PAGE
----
What is the "bulkhead deck"?

Discussion in 'Class Societies' started by ldigas, Dec 27, 2011.

  1. Alik
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    Alik Senior Member

    If You post Your calcs, some of us might have a look...
     
  2. Perm Stress
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    Perm Stress Senior Member

    If your prototype was not classed, the bulkheads well could have been made by "common sense" of builder and/or designer.
    There are quite a few boats, made to "common sense" of owner/builder/whoever with weird structural arrangements.

    If your prototype was classed to rules of other society, or for inland instead of for offshore use ....

    If those bulkheads were not designed as watertight, (i.e. compartments are there only for practical use of boat, not to enable her to survive serious hole in bottom), quite different set of loads and scantlings are applied.
     
  3. MikeJohns
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    MikeJohns Senior Member

    How many watertight bulkheads do you expect? Is this supposed to be unsinkable offshore?

    I'd expect a crash bulkhead fwd, and a fore and aft engine compartment bulkhead up to a steel cabin sole and no others actually required for watertight subdivision.

    The rest are then stiffening bulkheads for the hull and not for watertight integrity.
     
  4. ldigas
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    ldigas Senior Member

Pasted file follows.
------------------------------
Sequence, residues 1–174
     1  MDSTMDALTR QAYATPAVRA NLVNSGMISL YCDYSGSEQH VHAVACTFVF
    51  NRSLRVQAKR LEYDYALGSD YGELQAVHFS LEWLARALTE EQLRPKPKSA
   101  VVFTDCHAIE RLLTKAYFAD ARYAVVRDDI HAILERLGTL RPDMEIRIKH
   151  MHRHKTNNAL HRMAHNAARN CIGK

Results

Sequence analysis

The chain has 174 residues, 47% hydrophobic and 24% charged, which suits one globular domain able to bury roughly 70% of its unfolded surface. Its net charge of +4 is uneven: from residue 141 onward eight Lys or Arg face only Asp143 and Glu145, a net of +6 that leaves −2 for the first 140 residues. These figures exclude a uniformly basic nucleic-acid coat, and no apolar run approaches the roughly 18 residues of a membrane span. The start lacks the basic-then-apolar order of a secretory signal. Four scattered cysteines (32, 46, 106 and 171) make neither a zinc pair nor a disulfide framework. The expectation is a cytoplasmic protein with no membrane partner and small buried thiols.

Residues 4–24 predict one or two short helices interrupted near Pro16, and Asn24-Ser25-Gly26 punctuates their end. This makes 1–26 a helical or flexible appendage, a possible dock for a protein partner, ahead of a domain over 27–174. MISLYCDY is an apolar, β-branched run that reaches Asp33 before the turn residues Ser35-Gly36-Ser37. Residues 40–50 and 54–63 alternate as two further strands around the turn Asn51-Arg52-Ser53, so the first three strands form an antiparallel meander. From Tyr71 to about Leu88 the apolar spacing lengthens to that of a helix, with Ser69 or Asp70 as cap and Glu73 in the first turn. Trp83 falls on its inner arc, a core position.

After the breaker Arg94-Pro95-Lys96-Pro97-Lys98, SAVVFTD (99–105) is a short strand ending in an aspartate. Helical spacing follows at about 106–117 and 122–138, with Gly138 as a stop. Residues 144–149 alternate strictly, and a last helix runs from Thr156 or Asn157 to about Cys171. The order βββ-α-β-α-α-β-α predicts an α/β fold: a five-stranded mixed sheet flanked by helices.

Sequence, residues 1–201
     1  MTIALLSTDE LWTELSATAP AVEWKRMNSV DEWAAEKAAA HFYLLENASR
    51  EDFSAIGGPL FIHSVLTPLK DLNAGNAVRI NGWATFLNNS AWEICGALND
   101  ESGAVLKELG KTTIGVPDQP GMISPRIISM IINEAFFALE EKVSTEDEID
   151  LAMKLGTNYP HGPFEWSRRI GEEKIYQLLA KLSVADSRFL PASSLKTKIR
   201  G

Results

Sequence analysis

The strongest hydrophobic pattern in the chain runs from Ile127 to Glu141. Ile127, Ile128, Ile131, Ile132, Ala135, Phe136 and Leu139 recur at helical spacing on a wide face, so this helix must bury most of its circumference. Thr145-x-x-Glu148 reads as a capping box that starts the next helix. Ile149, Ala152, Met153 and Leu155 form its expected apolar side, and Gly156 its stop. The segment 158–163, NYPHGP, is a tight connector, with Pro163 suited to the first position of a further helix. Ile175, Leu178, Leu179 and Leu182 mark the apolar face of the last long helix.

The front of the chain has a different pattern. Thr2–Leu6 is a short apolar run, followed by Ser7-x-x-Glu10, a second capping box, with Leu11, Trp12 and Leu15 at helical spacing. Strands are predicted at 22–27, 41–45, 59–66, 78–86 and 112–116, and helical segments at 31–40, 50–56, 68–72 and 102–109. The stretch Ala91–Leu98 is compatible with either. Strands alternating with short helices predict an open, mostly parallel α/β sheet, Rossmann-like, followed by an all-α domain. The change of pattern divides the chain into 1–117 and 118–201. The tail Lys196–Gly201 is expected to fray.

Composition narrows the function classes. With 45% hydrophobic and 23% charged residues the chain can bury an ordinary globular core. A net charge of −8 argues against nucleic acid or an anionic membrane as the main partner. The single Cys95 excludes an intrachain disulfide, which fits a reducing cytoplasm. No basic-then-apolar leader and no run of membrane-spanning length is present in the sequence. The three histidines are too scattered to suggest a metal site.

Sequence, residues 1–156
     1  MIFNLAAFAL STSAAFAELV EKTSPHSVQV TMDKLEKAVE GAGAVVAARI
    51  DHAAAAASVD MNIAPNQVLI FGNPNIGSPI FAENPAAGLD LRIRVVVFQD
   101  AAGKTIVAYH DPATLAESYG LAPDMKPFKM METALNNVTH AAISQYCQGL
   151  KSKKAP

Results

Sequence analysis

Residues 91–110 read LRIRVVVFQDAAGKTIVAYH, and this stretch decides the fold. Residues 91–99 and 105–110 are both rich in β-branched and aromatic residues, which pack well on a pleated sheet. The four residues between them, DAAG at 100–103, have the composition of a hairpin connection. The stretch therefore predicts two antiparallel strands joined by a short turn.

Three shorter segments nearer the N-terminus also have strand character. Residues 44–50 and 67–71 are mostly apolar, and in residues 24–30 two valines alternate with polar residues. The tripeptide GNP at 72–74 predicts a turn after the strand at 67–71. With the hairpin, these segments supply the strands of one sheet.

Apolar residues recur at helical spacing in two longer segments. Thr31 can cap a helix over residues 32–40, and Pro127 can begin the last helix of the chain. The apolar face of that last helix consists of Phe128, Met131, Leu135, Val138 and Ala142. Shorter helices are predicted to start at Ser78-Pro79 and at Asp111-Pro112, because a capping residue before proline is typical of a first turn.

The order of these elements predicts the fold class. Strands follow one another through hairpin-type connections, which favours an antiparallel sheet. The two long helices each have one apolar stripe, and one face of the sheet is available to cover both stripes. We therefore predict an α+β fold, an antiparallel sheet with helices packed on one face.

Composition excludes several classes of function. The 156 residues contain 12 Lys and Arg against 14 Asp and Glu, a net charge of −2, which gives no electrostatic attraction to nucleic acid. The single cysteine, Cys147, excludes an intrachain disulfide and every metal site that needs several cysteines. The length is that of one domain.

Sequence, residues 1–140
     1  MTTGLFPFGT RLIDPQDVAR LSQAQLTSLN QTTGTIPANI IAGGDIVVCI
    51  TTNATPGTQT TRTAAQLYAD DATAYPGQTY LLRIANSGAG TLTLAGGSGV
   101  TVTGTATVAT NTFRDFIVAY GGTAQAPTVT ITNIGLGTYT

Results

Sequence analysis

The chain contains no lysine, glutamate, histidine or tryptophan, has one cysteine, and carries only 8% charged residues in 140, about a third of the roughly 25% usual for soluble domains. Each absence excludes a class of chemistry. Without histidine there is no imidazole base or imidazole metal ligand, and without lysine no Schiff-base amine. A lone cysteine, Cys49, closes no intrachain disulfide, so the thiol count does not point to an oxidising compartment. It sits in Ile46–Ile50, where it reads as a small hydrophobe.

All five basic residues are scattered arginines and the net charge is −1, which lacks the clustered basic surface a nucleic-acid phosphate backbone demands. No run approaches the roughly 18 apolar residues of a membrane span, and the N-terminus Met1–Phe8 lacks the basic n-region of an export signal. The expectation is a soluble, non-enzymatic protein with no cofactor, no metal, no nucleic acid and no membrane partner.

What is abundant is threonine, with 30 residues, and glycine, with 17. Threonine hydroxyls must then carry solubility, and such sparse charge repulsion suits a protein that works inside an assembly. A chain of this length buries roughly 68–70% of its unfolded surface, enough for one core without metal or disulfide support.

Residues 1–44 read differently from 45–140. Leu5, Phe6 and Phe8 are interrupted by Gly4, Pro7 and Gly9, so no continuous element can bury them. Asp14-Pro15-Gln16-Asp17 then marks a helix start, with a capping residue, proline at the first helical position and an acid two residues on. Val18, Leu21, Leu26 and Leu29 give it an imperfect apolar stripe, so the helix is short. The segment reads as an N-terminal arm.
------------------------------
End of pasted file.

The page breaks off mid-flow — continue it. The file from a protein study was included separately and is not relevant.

Yes, that has been my reasoning too (crash blk. + two watertight sealing off the engine room; the others being there for hull stiffening and space separation). However, from what I read in the rules, non-watertight bulkheads are dimensioned according to the same rule

    5.3. Non-watertight bulkheads

    Components of non-watertight transverse or longitudinal bulkheads, wing bulkheads or such which serve to stiffen the hull are to be dimensioned in accordance with the same formulae.
     
  5. Petros
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    Petros Senior Member

    any horizontal floor diaphragm structurally attached to the bulkhead will be a bracing element, be it the uppermost deck or not. this will reduce the stress on the bulk head so less structure is required. So the free height of the bulkhead between the structural deck levels will determine the stress on the bulkhead elements.

    The GL rules have different levels of strength required for different classes and different types of ships or yachts, so the strength depends on the intended use.
     
  6. Alik
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    Alik Senior Member

    It might be treated as accommodation bulkhead attached to side frames, so there is no need to comply with requirements.
     
  7. ldigas
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    ldigas Senior Member

    So, if I'm to understand correctly ... if the bulkhead is attached to the frame/deck beams etc. etc., i.e. it is not a bulkhead, but more of an accomodation bulkhead then it is not dimensioned according to the same rules, but more according to the common sense of the nav. arch.?

    Although some stiffeners are still good to have, even on those.

    Am I somewhere close with this?
     

  8. Alik
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    Alik Senior Member

    Accommodation bulkhead does not need to comply if there is enough structural elements. We use accommodation bulkheads in plywood on aluminium craft... Stiffeners -those might be just used to provide stiffness of bulkhead.
     
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